Alex Comfort, a British scientist, once remarked, “A woman’s greatest asset is her beauty.” Where does this notion originate from? Why are cis women constantly reduced to their superficial features? Is beauty really just skin-deep or does it reflect the conflation of both patriarchal and colonial ideologies?
Thanks to colonisation, our idea of beauty is heavily influenced by Eurocentric standards of beauty, which is why whenever we come across a picture of ours in which we are not looking thin, fair and tall, our immediate thought is to delete it. At its zenith, the British Empire had covered around 25% of the world’s land surface so it is no surprise that every small and sizable aspect of our culture is viewed from a Eurocentric vantage point.
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It was Ruth Handler, an American businesswoman who created the Barbie doll – a slim, fair, tall woman who is considered to be the archetype of feminine beauty. This also serves in proving that our ideals of beauty have been heavily Westernised as the typical features of a Western woman are often considered to be the paradigm of feminine beauty.
The Brahmanical casteist notions were reinforced by the colonialists who asserted that a fairer skin tone is inextricably linked to purity while a darker skin tone is tied to pollution and caste impurity. The caste system, thus, associates the upper caste Brahmins with white skin, the Kshatriyas with red, the Vaishyas with yellow and the lowest of all, the Shudras with black skin. In this present epoch, one’s skin colour is thus an overt determinant of their caste. Goes without saying, it is difficult to exist as a lower-caste, dusky woman in India. Caste is unequivocally linked to patriarchy as both strive to establish dominance and marginalise women.
Women are far more pressured to conform to these preposterous beauty standards as in comparison to men. But, why so? Why are men not held to the same beauty standards as women? The answer again, is patriarchy. In a society which is dominated by men, needless to say, while the expectation from men is that they are hypermasculine, provide for the family and showcase brute strength in general, the expectation from women is to just appear feminine and attractive. This rigid bifurcation of men and women into stereotypical moulds of attractiveness is among the most basic tenets of a patriarchal establishment. It is therefore, important to reflect upon why it is that women in TV serials have to be decked up in ornaments and make-up while men do not have to.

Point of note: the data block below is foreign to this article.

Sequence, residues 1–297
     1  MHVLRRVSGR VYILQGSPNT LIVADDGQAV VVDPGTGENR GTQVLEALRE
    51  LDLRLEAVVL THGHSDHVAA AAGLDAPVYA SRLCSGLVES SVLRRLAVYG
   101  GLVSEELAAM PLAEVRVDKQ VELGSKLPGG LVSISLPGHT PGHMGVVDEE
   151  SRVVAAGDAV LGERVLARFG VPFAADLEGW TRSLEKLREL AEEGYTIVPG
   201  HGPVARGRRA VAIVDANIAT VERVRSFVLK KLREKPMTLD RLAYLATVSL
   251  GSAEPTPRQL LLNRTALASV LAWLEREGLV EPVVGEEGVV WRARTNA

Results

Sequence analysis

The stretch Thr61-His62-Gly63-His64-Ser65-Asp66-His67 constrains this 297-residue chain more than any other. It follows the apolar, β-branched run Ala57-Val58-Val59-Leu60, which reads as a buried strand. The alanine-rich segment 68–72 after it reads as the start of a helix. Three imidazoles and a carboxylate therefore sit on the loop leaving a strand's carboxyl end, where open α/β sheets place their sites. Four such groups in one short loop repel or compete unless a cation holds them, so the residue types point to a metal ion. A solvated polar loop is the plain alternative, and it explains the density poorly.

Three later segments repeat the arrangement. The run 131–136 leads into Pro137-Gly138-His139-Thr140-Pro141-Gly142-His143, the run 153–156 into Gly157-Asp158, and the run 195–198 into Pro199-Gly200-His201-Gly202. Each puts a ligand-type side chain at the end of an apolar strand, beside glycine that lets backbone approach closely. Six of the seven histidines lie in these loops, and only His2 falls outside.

Women, on the other hand, apart from the intellectual and professional standards, are also forced to acquiesce to these capricious standards of beauty in a way to subjugate them. Otherwise they are labelled, ‘unworthy’. Men are substantially much more confident about their looks than women. That is because they are not constantly bludgeoned by society to uphold inconsistent beauty standards. Even when they are, it is still to fit into the patriarchal narrative of how an ideal man is supposed to be. In a patriarchal society, beauty standards are defined in a manner that serves to gratify men’s sexual needs and wants. Men’s beauty is considered to be just a supplementary feature while a woman’s worth is defined by whether she can match up to the conventional, Eurocentric standards of beauty.
In the Victorian era, women felt compelled to conform to beauty standards which prevailed in their society because otherwise, they would remain unmarried and would henceforth, be considered, “useless”.